So, at the end of the day, all this regulatory writhing and rescission and blogging has gotten OFCCP nowhere new. The federal Courts are going to interpret Executive Order 11246 (OFCCP has not proposed to offer interpretive guidance), Title VII and the First Amendment. (Jenny Yang has informally announced that sexual orientation and/or gender identity claims will trump federal contractor religious discrimination claims.) By the way, Director Yang and the other federal civil rights agencies have now joined civil rights advocates in the belief that claims seeking religious beliefs protected by statute (i.e., Executive Order 11246 and/or Title VII) CANNOT trump other statutory claims protected in the same statute. In other words, SO and GI always win against statutory-based religious discrimination belief protection claims.
Note: This “House Divided” problem is very legally problematic. The law does not have a good answer for an OFCCP Director or for EEOC Commissioners as to how they should or must proceed when they are thrown into such a conflict when attempting to enforce a statute the Congress has delegated to the Executive Branch to prosecute. Since the federal officers making the policy and investigating the claims have a sworn public duty to both Protected Groups the Congress has identified in its statute (in this case Title VII and Executive Order 11246, by implication), it seems to me that the agencies involved have two choices:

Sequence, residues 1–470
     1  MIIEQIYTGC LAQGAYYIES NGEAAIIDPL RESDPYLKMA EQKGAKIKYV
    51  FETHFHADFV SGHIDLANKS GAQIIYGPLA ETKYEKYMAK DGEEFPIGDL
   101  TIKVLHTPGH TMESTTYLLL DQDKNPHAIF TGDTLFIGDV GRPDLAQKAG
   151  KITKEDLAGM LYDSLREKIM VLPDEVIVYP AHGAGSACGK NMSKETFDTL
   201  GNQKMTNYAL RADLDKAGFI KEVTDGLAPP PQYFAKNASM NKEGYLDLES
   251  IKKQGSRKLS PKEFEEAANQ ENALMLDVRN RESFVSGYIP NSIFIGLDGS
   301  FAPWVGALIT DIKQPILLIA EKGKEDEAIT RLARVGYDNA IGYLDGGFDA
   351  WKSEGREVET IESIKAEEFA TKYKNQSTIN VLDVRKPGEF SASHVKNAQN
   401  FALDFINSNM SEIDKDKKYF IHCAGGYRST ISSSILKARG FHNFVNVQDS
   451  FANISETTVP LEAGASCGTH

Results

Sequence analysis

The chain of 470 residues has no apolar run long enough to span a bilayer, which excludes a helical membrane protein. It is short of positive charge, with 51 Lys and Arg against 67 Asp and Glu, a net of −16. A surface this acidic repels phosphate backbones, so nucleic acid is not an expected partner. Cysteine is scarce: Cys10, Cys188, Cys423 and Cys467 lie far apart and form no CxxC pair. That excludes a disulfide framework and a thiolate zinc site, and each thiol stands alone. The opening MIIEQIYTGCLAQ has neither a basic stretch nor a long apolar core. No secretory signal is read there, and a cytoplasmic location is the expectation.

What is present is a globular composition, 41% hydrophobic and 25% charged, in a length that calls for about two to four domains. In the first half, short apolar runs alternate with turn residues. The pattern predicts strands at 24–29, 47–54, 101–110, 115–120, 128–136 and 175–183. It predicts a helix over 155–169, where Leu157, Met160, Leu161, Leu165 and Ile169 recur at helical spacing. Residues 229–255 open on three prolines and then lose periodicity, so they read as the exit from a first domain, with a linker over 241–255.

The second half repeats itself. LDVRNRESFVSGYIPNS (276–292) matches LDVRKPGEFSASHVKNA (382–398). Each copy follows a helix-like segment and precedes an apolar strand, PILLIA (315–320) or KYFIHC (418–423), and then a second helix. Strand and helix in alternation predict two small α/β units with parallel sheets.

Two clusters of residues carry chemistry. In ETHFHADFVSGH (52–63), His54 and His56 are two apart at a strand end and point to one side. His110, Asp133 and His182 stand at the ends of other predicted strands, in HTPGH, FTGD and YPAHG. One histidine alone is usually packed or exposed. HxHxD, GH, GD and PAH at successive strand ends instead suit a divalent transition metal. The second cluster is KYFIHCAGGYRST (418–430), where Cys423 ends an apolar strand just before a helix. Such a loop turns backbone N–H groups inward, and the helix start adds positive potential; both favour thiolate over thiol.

- they may ask Congress to amend the statute to clarify its intent (since it is that intent the agencies are enforcing).
- alternatively, the agencies need to recuse themselves from prosecuting the matter since they have a conflict of interest to one Protected Group or the other.
It seems to me that the agencies cannot adjudicate the Title VII issue (they should pass on that issue), absent the needed clarification from Congress, but may and should then proceed to the RFRA analysis and if necessary to the Constitutional analysis.
And, the First Amendment right is always going to trump the Executive Order 11246, Title VII, or state law’s right to sexual orientation and/or gender identity non-discrimination because there is no countervailing constitutional right to sexual orientation and or gender identity nondiscrimination. This is the very substantial legal conundrum for SO and GI advocates to solve to win.